Issue 92

Breaches and leaks

It's quite a long list this week I'm afraid :-/

  • T-Mobile blocked an attack in progress that was exfiltrating personal data of their customers through a leaky API. Personal information on about 2.3 million people got out.
  • Cheddar's Scratch Kitchen: the fastfood chain had its previous POS system breached. The information of an estimated 567.000 credit cards was stolen.
  • Huazhu Hotels: a Chinese hotel chain. Personal information of an estimated 130 million customers is up for sale on a Dark Web forum.
  • Atlas Quantum: a Brazilian crypto exchange. The information on 264.000 users was exposed.
  • Abbyy: an OCR software provider, with big customers like PwC and Volkswagen. They had an unsecured MongoDB instance online with 142GB of document information.
  • Air Canada had 20.000 user accounts breached, exposing personal information.
  • Eir: an Irish telecom operator. An encrypted laptop was stolen, holding personal information on 37.000 customers. This is an easy fix people, make sure this doesn't happen where you work.
  • Spyfone: a company that sells spywhere to parents and employers :/ They left an s3 bucket unsecured with all spied data like pictures, text messages and more.
  • TheTruthSpy: another creepy spyware/stalking app. They had a vulnerability that gave access to usernames and plaintext passwords, granting the attacker full access to everyone's account.

New Apache Struts 2 flaw discovered

It allows for remote code execution of all Struts web applications, and is deemed "more critical than the Equifax bug". If you're running Struts 2, update fast, because active exploitation is already happening.

Vulnerability affects all OpenSSH versions

It's not horrible, but an important thing to patch nonetheless. The vulnerability allows for username enumeration because it gives back a different response to a failed authentication request, depending on whether the username exists or not. Considering that it greatly helps brute forcing attacks, it's worth patching.

Zero-day in Windows Task Scheduler published on Twitter

The vulnerability allows for local privilege escalation. There's a third-party micropatch available, but no official patch yet.

Adobe issues unexpected critical fix for Photoshop CC

The flaw allows for remote code execution through Photoshop Creative Cloud, on both Windows and Mac. Patch it if you use it.

Google's FIDO based Titan security key now available for $50 USD

Currently only for people in the US though. And it's also currently sold out, but there's a waiting list.

MagentoCore malware found on 7,339 Magento stores

The malware steals credit card information, and is growing at the rate of 50-60 new Magento stores per day.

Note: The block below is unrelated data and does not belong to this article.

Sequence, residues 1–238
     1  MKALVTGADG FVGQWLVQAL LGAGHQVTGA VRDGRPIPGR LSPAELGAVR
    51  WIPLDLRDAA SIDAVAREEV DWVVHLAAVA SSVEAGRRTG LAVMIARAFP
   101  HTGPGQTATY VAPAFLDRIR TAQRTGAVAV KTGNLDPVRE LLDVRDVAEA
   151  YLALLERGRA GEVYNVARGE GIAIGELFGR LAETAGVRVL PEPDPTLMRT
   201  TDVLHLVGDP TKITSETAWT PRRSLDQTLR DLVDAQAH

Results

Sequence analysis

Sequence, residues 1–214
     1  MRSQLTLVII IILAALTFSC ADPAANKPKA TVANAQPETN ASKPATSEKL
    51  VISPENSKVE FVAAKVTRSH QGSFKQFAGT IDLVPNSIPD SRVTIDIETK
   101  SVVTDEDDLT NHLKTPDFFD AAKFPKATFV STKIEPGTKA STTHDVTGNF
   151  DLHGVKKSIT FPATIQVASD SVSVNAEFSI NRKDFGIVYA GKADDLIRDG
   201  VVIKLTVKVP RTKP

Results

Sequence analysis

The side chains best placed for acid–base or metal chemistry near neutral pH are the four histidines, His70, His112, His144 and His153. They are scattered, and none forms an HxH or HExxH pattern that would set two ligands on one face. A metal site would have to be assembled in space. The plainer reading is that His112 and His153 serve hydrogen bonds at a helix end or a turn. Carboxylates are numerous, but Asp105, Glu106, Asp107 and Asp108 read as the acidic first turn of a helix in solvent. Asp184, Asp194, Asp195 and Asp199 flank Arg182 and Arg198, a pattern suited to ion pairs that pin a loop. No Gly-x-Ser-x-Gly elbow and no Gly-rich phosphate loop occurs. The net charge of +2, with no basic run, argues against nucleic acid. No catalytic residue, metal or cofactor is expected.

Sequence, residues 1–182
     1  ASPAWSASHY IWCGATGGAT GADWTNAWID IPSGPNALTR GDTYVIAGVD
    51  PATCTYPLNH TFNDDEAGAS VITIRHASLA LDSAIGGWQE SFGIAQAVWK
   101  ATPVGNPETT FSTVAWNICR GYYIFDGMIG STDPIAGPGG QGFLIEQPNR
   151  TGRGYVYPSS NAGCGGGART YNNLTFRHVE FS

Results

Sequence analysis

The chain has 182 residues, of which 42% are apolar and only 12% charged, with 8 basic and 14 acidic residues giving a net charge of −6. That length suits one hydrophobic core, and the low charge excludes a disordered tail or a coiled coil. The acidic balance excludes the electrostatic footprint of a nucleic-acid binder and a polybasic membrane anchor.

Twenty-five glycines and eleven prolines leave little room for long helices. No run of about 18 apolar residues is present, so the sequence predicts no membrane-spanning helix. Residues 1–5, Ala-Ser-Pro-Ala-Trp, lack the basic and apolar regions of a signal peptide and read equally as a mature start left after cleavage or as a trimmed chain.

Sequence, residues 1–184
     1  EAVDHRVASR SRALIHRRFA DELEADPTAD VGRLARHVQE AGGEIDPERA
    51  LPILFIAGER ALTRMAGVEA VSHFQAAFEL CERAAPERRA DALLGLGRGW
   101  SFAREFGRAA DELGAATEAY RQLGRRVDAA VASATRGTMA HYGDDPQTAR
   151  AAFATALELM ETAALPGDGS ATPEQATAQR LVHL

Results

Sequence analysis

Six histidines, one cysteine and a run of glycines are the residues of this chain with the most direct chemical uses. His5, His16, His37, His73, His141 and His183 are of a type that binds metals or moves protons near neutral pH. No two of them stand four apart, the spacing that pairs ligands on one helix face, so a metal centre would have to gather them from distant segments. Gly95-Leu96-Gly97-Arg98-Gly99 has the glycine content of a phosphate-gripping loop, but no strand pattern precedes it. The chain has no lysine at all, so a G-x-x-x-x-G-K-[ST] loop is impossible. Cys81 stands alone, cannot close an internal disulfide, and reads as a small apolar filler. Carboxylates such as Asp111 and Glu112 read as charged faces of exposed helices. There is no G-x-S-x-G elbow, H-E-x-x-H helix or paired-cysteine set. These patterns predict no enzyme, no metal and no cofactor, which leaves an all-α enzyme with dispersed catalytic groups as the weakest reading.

Fortnite fury over how Google handled its man-in-the-disk security hole

Bit of security drama between Fortnite and Google that got attention this week. A combination of the fact that Fortnite recently decided to no longer use the Play Store, opting for a less secure side-install. And that Google discovered a man-in-the-disk security vulnerability with them and disclosed it too soon, according to Fortnite.

How I recorded user behaviour on my competitor's websites

Clever little hack. Get someone to visit your site. When they press the back button, bring them to a page that looks like Google search results but isn't. Let them navigate to fake versions of your competitors, and see what they do, capture credentials, etc. Hackernews discussion here.

Abandoned domains and their potential for fraud

Interesting bit of research on how one can look for recently abandoned domains (for example: domains of failed businesses), and use them to regain access to Gsuite, social media accounts and the likes.

Remote code execution on a Facebook server

Nice simple write-up of how a researcher got into a Facebook server and received a $5000 bounty.

10+ top open-source tools for Docker security

Interesting list of tools to audit and improve Docker security.


A comprehensive guide to application-level denial of service

The availability of web applications is critical nowadays, more than ever. But it's also at risk because of very complex application-level denial of service attacks. Read this guide that highlights the different DoS techniques used so you know what to look for.

1Password for Teams and Business

I use 1Password to securely share passwords and notes with my colleagues. Can't recommend them enough and I'm super honoured to have them as a sponsor.